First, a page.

Perhaps you’ve heard the expression “there is no free lunch.” The idea is that you shouldn’t be able to receive something for nothing. Whether it is with money or with your time and labor, you must always “pay” for something one way or another.
That’s an interesting concept, but whoever invented it failed to look at the U.S. tax code, which is full of free lunches. Today I’d like to discuss one such example, which may be of interest if you are charitably inclined.
By way of background, one of the most talked-about changes in the new tax law is a provision that changes how deductions are treated. Specifically, in the past, you were able to deduct from your federal tax return the entire amount you paid in state and local taxes, including real estate taxes (often abbreviated as SALT). Under the new rules, however, taxpayers can deduct just $10,000 of SALT taxes. At the same time, the “standard deduction” was nearly doubled, to $24,000 for a couple filing jointly. Because of these changes, many taxpayers who previously were able to itemize their deductions — and thereby receive a benefit for each and every charitable donation — are no longer able to do so. Instead, they may be limited to the standard deduction.
Let’s see how you might be able to use these changes to your advantage. Suppose you and your spouse earn a combined $250,000, and suppose you like to give away 5% of your income, or $12,500, each year. To make these contributions, you could take the traditional approach and simply write out checks directly to your charities. But there’s a better way — a much better way — that will result in a fairly substantial free lunch.
Here’s how I would approach it: Instead of giving away $12,500 every year, give away twice as much, or $25,000, every other year. Over time, the total will be the same, but in some years you’ll double up your donations, and in some years you won’t donate anything. Of course, the charities that depend on your check every year may not want to switch to an every-other-year schedule, but I have a solution for that. It’s called a donor-advised fund (often abbreviated DAF). If you are not familiar with it, a DAF is a sort of hybrid between a charity and a checking account. The charity part issues you a receipt right away when you make a donation. But, the checking account part holds on to your funds, in a separate account earmarked for you. Your money doesn’t go anywhere until you ask the DAF to send a check to one of your charities, and you can do that at any time. In combination, these two aspects of a donor-advised fund allow you to schedule your donations for tax purposes every other year, while still allowing you to send your favorite charities a regular contribution check every year.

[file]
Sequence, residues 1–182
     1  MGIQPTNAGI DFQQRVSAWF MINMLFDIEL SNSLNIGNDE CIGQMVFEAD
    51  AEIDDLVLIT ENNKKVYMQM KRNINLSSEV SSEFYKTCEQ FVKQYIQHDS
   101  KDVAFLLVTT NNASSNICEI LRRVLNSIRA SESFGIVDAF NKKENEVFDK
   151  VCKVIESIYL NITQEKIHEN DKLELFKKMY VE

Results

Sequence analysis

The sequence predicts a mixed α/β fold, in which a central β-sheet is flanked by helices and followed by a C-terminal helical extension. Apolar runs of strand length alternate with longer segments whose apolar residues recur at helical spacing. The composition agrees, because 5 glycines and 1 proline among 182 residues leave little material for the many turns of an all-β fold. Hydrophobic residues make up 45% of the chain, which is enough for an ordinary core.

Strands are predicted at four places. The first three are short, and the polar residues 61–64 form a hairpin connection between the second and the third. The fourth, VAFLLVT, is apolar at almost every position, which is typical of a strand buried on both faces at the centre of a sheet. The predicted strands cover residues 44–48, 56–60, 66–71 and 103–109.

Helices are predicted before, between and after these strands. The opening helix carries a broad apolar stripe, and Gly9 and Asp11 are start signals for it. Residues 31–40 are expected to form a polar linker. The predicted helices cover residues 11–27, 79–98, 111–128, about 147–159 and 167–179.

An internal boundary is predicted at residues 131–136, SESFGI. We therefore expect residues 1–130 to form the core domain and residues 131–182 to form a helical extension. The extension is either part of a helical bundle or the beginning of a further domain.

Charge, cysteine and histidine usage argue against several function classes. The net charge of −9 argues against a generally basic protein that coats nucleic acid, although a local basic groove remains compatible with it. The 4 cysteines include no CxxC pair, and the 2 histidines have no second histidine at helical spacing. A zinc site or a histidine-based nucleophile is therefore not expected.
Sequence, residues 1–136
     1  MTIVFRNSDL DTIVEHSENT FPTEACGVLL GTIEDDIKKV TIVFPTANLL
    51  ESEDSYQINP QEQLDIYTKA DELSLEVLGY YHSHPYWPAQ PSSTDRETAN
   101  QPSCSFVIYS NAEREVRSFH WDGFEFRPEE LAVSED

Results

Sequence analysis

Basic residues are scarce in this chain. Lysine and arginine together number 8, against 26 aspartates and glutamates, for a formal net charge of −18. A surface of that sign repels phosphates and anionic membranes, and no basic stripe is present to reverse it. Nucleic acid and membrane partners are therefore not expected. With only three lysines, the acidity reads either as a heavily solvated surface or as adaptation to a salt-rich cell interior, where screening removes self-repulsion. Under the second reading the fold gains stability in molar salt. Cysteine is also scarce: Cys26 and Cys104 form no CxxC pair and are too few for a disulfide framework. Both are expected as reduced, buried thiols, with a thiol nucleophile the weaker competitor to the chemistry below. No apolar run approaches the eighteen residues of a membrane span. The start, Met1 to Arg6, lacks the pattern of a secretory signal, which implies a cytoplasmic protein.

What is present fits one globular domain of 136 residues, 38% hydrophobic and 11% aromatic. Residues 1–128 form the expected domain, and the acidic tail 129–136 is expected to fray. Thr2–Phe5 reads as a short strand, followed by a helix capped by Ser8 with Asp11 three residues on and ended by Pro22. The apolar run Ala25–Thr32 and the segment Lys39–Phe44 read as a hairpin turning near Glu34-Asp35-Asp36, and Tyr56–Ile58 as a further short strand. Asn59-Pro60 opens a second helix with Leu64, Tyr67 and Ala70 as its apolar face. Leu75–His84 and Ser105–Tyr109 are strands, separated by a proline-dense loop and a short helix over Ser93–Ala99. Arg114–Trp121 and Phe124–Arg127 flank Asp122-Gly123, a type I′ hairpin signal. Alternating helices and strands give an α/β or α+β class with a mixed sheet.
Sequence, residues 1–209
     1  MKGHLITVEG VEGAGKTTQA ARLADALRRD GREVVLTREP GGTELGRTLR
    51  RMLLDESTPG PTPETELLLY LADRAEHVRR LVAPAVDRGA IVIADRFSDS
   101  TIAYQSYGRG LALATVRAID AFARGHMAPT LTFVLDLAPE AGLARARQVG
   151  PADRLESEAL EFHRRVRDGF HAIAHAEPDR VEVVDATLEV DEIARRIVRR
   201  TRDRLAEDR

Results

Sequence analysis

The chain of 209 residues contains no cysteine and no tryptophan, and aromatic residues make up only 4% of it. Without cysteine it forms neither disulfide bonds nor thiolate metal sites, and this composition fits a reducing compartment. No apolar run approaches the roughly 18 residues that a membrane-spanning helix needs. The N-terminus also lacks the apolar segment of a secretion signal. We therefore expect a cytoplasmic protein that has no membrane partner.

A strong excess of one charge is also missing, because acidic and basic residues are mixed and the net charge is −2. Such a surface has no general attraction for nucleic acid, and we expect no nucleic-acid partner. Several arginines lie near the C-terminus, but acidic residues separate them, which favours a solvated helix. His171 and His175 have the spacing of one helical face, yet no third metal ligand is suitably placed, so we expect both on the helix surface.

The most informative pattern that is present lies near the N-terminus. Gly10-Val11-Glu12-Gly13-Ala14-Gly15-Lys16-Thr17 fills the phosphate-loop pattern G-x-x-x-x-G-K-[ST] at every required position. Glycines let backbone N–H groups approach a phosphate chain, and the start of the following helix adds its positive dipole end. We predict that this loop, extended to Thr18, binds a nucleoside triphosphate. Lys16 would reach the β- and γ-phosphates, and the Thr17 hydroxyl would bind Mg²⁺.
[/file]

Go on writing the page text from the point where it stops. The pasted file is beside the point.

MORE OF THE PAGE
Let’s look at how this might work out on your tax return, comparing the traditional approach to the approach that I am describing:
Scenario 1 (the traditional approach): Make $12,500 of charitable donations every year
In this case, you start with your income of $250,000. Then, you subtract your deductions: The maximum for state and local taxes is $10,000, and your charitable donations are $12,500. That adds up to $22,500. Because this is less than the standard deduction of $24,000, you opt for the larger, standard deduction. That makes your taxable income $226,000 and your tax bill $42,818.
Scenario 2 (donor-advised fund approach): Make a $25,000 donation every other year
Again, you start with your income of $250,000 and subtract your deductions. Your state and local taxes are still capped at $10,000, but now your charitable contributions are $25,000, making your total deductions $35,000. This is far above the standard deduction, so you can now deduct the entire $35,000. This brings your taxable income down to $215,000 and your tax bill down to $40,178.
The result: In scenario 1 your tax bill was $42,818, but in scenario 2 it was quite a bit lower, at $40,178, providing a savings of $2,640. Of course, you will only realize this savings every other year, when you make your charitable contributions. But here’s an important point: In the years that you don’t make any donation, you still get to take the standard deduction, so your tax bill isn’t any higher than if you were to make a $12,500 contribution. That’s why it’s so important to double-up your donations in the years that you give so that you receive the full tax benefit.
Is this truly a free lunch? I believe so. Yes, it requires a little bit of administrative work, and the donor-advised funds do charge some minimal fees. And, of course, you’ll want to verify with your own tax advisor that this strategy will work with your overall tax picture. For many people, though, it’s hard to see why you would not want to do this.
One more thing: Donor-advised funds also make it easy for you to donate appreciated stock, which they will sell, allowing you to donate the cash proceeds to charities. In addition to convenience, this provides an additional tax benefit because it allows you to completely sidestep the capital gains taxes that would have been due if you had sold the stock yourself. If you have an established stock portfolio with unrealized gains, I would definitely explore this strategy too.